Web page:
Burn bosses with the Stanislaus National Forest ignited a prescribed fire this week east of Groveland, south of Buck Meadows and Highway 120 in Mariposa County.
It’s called the China 04 Understory Burn and it’s planned to reduce fuel on 505 acres near forest roads 1S29, 2S28, and 2S17, according to forest staff. The location is about four miles northeast of Greeley Hill.
Understory in a forest is the vegetation between the ground and beneath the main canopy and crowns of the tallest trees. The goal of the understory burn in the Groveland Ranger District is to burn off flammable forest fuels, including ground fuels and ladder fuels.
Burning off grasses and shrubs and other fuels can help reduce the threat of uncontrolled, huge, damaging megablazes like the 2013 Rim Fire that burned more than 400 square miles near the same area, and improve protection of life, property and resources.
The Sierra Nevada is a fire-dependent ecosystem where fire is a critical component in maintaining resilient forests, according to Groveland Ranger District personnel.
Diana Fredlund, a public affairs officer with the Stanislaus National Forest, said fire personnel at the China 04 Understory Burn treated about 70 acres Wednesday and planned to burn about the same Thursday. There were 45 fire personnel assigned to the understory burn on Thursday.
Stanislaus National Forest fire personnel also plan to ignite two prescribed burns along the Highway 108 corridor south of Long Barn and south of Deer Creek this month. Asked why one prescribed fire is burning now east of Groveland but two in the Mi-Wok Ranger District have not been ignited, Fredlund said the China 04 Understory Burn is at a lower elevation than the burn areas off Highway 108.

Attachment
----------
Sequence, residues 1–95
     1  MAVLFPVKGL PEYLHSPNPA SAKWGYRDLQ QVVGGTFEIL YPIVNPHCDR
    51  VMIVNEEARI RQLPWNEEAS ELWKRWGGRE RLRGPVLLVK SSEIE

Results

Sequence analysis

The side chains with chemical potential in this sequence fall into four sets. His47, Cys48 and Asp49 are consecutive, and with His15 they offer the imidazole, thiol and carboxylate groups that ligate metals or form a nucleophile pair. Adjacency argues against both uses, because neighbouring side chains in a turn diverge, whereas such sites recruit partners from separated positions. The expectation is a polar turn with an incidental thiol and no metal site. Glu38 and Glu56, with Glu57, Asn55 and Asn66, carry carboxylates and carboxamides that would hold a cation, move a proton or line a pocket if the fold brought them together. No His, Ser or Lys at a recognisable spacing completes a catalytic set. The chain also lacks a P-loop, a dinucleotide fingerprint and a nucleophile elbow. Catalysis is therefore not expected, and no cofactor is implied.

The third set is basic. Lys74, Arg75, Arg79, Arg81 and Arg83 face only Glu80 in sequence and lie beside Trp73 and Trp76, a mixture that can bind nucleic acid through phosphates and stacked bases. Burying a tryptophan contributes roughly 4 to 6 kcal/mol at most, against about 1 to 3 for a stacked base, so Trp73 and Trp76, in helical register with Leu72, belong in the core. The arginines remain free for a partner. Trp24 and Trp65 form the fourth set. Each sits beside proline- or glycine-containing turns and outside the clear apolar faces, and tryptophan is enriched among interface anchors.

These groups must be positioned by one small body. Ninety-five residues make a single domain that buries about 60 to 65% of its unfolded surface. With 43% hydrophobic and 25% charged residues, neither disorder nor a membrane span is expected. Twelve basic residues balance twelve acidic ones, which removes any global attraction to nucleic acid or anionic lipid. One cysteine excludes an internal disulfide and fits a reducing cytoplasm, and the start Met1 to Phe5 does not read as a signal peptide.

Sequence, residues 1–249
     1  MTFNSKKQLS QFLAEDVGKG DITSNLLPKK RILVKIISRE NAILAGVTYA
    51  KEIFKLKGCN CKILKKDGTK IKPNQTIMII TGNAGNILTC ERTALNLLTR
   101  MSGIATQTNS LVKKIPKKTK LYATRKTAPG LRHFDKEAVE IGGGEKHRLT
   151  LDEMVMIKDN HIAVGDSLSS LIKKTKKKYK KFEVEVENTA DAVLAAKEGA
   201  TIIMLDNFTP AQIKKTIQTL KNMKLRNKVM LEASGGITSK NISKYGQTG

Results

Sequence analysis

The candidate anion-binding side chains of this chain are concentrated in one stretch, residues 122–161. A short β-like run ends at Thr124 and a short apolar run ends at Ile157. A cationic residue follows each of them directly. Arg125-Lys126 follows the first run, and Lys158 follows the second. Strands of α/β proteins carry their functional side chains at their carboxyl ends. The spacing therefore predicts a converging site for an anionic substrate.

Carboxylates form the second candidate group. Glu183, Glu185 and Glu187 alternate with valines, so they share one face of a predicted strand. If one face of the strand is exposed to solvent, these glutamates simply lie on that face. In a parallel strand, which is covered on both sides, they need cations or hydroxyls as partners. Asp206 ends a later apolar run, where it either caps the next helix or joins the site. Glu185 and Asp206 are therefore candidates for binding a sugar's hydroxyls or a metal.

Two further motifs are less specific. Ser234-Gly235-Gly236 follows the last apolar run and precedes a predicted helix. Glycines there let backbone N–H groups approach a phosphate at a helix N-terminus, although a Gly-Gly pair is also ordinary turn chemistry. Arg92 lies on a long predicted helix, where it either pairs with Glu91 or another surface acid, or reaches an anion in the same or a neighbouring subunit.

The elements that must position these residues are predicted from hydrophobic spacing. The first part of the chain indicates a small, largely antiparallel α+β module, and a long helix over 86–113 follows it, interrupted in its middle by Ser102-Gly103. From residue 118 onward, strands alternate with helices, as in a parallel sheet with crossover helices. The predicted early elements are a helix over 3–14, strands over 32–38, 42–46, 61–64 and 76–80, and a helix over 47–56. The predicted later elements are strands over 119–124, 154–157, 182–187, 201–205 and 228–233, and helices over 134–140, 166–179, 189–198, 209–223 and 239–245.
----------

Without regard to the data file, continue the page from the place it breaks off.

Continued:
The two prescribed burn projects in Mi-Wok Ranger District are called the South 108 Underburn and the Crandall Underburn. The South 108 Underburn is planned to reduce fuel on 175 acres near Forest Road 3N90, off North Fork Road, also known as Forest Road 3N01N, south of Long Barn. The Crandall Underburn is planned to reduce fuel on 140 acres near Forest Road 3N24, off Italian Bar Road, also known as Forest Road 2N63, south of Deer Creek.
Fredlund said prescribed burns help improve forest health and vigor, reduce fire hazards, mimic natural processes and maintain ecosystems. They can also reduce effects of large fires by decreasing fuel loading, flame lengths, extreme fire behavior and wildland blaze intensities seen in the 2013 Rim Fire and the 2015 Butte Fire.
Stanislaus National Forest staff want people to remember the China 04 Understory Burn is a planned, prescribed fire. It is also a controlled burn, so people should not call 911 and report it as a wildland fire.